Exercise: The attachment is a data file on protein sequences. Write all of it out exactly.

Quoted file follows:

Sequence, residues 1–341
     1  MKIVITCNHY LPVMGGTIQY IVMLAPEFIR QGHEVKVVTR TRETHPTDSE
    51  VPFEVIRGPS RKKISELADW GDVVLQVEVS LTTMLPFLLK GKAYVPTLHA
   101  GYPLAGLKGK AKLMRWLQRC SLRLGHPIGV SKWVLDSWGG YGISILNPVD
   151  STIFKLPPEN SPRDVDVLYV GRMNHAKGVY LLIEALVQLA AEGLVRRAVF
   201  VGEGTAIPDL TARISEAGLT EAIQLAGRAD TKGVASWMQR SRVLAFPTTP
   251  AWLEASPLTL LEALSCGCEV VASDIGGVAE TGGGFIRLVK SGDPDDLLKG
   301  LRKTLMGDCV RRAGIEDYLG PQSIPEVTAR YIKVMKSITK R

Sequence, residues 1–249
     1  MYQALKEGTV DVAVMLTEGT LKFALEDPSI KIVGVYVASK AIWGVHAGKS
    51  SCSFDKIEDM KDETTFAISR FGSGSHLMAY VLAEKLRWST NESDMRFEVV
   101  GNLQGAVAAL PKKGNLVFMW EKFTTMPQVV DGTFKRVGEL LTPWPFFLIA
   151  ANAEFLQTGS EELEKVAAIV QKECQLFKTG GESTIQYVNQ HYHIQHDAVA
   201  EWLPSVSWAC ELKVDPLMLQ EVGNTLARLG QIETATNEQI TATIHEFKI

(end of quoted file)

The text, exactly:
Sequence, residues 1–341
     1  MKIVITCNHY LPVMGGTIQY IVMLAPEFIR QGHEVKVVTR TRETHPTDSE
    51  VPFEVIRGPS RKKISELADW GDVVLQVEVS LTTMLPFLLK GKAYVPTLHA
   101  GYPLAGLKGK AKLMRWLQRC SLRLGHPIGV SKWVLDSWGG YGISILNPVD
   151  STIFKLPPEN SPRDVDVLYV GRMNHAKGVY LLIEALVQLA AEGLVRRAVF
   201  VGEGTAIPDL TARISEAGLT EAIQLAGRAD TKGVASWMQR SRVLAFPTTP
   251  AWLEASPLTL LEALSCGCEV VASDIGGVAE TGGGFIRLVK SGDPDDLLKG
   301  LRKTLMGDCV RRAGIEDYLG PQSIPEVTAR YIKVMKSITK R

Sequence, residues 1–249
     1  MYQALKEGTV DVAVMLTEGT LKFALEDPSI KIVGVYVASK AIWGVHAGKS
    51  SCSFDKIEDM KDETTFAISR FGSGSHLMAY VLAEKLRWST NESDMRFEVV
   101  GNLQGAVAAL PKKGNLVFMW EKFTTMPQVV DGTFKRVGEL LTPWPFFLIA
   151  ANAEFLQTGS EELEKVAAIV QKECQLFKTG GESTIQYVNQ HYHIQHDAVA
   201  EWLPSVSWAC ELKVDPLMLQ EVGNTLARLG QIETATNEQI TATIHEFKI